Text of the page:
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|Archives - June 2009|
|Monday, June 01, 2009|
Given China’s remarkable economic rise over the past decade, it comes as no surprise that it has grown into Oregon’s largest export market, with the state’s savviest players such as Nike and Intel well embedded there and prospering as a result. But it is surprising which sector has seen the sharpest growth: chemicals.
Statistics compiled by WISER Trade, a Massachusetts-based firm recognized as an expert on exports, show an astronomical 292% increase in chemicals exported from Oregon to China from 2007 to 2008, catapulting them over scrap waste and paper to become the state’s second-biggest China-bound export behind only computer and electronic products.
But if you’re wondering which Oregon companies are benefiting from this trend and whether it is expected to continue, don’t waste your time. There is no trend.
The biggest clue can be found in the corresponding fall-off for exported minerals, which dropped dramatically at the precise time that the chemical numbers shot up. Hmmm.
It turns out that the great boom in chemicals exported from Oregon to China has nothing to do with Oregon business and everything to do with a change in the classification of potash mined in Saskatchewan, sent by rail to Portland and shipped around the world as fertilizer. The market for this chemical (or is it a mineral?) made a few investors temporarily rich during the commodity boom of 2008, but that boom has gone bust along with trade in general. Vessel calls and tonnage are down more than 30% at the Port of Portland, and Oregon will be hard pressed to approach, much less improve on, the record $2.5 billion worth of exports shipped to China last year.
Wednesday, April 08, 2015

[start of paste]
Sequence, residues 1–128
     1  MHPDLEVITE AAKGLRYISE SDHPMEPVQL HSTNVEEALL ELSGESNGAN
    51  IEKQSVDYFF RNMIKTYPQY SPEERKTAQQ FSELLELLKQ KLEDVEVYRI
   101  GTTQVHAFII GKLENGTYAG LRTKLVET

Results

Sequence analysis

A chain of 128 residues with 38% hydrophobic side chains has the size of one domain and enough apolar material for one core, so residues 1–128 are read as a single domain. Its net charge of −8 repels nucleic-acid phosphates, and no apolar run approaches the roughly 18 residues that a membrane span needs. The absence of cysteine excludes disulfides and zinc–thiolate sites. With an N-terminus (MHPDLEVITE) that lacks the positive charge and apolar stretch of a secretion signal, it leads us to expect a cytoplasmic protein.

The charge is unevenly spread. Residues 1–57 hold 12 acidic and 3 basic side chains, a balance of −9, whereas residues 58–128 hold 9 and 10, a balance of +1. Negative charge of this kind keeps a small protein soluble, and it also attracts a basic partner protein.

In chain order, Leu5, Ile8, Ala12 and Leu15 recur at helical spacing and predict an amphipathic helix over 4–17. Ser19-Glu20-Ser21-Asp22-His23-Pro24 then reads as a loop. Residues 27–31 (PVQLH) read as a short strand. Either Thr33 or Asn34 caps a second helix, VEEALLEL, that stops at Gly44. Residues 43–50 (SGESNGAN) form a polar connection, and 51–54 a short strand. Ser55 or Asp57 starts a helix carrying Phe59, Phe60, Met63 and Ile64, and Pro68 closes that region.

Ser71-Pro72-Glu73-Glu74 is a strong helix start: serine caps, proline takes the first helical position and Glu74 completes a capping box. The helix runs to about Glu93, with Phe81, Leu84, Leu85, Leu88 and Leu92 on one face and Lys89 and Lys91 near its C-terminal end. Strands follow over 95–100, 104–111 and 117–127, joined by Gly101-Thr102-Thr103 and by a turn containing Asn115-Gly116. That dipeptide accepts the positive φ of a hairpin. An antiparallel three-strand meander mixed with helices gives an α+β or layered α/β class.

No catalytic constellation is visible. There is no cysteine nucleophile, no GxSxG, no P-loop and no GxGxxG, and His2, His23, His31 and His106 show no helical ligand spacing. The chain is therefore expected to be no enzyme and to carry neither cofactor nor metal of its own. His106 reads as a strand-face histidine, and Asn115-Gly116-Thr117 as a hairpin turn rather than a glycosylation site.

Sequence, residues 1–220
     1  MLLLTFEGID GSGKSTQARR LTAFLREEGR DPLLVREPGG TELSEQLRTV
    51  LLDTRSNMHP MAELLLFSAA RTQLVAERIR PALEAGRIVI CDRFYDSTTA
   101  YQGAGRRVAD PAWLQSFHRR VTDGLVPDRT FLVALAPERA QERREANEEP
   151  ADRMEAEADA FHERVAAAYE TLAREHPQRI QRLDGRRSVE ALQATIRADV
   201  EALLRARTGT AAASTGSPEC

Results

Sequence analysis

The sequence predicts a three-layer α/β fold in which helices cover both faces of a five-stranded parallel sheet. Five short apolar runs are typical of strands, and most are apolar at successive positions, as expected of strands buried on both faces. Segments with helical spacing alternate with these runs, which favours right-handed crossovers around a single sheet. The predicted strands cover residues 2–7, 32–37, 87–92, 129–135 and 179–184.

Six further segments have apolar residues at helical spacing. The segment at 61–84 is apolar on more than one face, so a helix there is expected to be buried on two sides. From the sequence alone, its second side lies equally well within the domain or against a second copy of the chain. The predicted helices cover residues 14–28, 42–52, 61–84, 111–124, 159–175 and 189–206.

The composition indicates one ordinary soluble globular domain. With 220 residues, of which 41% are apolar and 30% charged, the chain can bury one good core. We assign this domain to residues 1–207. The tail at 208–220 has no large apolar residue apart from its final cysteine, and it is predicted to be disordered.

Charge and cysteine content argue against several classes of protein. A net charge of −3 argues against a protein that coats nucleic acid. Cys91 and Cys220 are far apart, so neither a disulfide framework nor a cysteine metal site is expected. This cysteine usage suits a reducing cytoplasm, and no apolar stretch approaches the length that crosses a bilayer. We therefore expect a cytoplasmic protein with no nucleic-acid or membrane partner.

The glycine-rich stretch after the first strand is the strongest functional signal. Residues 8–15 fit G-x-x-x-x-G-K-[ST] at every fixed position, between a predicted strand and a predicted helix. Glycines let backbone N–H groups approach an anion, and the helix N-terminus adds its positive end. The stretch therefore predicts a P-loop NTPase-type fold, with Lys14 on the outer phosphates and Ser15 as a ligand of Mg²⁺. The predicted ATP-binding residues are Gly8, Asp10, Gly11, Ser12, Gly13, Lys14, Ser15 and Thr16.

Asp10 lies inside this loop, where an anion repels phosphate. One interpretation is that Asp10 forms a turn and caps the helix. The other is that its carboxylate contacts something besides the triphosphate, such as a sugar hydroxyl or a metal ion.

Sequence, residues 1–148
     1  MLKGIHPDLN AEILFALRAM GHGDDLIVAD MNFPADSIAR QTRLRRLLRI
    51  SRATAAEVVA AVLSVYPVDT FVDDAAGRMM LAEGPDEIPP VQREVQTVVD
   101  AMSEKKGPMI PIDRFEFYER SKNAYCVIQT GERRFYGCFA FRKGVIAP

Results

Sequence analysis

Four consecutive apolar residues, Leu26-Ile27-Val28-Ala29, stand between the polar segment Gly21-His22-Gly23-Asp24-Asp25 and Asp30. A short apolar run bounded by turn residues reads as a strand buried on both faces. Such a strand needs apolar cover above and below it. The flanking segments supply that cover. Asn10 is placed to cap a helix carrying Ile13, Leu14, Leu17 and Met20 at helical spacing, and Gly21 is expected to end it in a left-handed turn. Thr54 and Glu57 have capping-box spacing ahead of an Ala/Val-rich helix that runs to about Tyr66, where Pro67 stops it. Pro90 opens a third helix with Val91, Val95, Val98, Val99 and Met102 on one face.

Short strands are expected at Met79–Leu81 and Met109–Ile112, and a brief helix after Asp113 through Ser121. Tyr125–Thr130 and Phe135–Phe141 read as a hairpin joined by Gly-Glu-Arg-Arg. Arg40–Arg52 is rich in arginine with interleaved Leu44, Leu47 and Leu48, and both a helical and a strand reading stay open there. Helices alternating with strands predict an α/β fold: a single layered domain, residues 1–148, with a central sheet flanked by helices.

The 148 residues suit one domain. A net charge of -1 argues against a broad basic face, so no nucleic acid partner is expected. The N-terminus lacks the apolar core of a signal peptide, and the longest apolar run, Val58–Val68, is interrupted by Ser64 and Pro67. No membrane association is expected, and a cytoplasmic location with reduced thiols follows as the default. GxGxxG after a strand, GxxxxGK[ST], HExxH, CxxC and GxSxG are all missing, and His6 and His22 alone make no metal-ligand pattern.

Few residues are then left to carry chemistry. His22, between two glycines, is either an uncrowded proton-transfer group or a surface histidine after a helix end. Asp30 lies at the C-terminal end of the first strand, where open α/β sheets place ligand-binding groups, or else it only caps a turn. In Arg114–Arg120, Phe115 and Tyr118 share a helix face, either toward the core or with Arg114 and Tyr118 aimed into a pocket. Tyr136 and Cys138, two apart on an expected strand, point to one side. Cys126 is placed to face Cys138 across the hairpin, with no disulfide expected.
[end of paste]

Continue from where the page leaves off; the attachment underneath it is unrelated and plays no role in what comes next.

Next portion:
BY JACOB PALMER | DIGITAL NEWS EDITOR
The Wilsonville-based company is targeting GoPro enthusiasts with its latest release. Is spy gear poised to go mainstream?
Thursday, March 26, 2015
Janet LaBar, Executive director, Greater Portland Inc.
Thursday, March 26, 2015
BY LINDA BAKER
Everyone knows cell phones and driving are a lethal combination. The risk is especially high for teenage drivers, whose delusions of immortality pose such a threat to us all. Enforcement alas, remains feeble; more promising are pedagogical approaches aimed at getting people to focus on the road, not their devices.
Friday, March 27, 2015
BY LINDA BAKER
My daughter turned 18 last week, and for her birthday I got her a Car2Go membership. Not to label myself a disruptor or anything, but it felt like a groundbreaking moment. The two of us, mother and child, were participating in a new teen rite of passage: Instead of handing over the car keys, I handed over a car-sharing card — with the caveat that she not use the gift as her own personal car service.
Thursday, February 26, 2015
BY KIM MOORE | OB RESEARCH EDITOR
Employment in Oregon is almost back up to prerecession levels — and employers are having to work harder to entice talented staff to join their ranks. This year’s 100 Best Companies to Work For in Oregon project showcases the kind of quality workplaces that foster happy employees.
Friday, February 27, 2015
BY OB STAFF
The 100 Best list recognizes large, medium and small companies for excellence in work environment, management and communications, decision-making and trust, career development and learning, and benefits and compensation.
Saturday, February 21, 2015
BY LINDA BAKER | OB EDITOR
Will community banks survive the digital age? Three CEOs peer into banking's crystal ball.
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A new report highlights how Oregon bankers are giving back to their communities.
Since 1932 Tidewater Transportation & Terminals (operating as Tidewater Barge Lines and Tidewater Terminal Company) has operated a multicommodity transportation and terminal company based in Vancouver, Washington. The friendly expression on the company’s shipping containers reflects the attitude of about 330 safety and community-conscious employees but belies how complicated the barge business really is.
The Port of The Dalles has run marine facilities since the 1930s, but they are part of a larger mission to strengthen the local economy. They focus on regional economic development with a strong bent toward adding good-paying jobs in high tech, manufacturing and other industries.
Providing attendees with unique taste of the Northwest Reception.
CFM Strategic Communications turns 25 this year and is celebrating with a revamped website, special events for firm alumni and clients, a special-label wine and a list of 25 stories about its client work over the past quarter century.
The Atkinson Graduate School of Management at Willamette University has maintained its business accreditation by AACSB International—The Association to Advance Collegiate Schools of Business.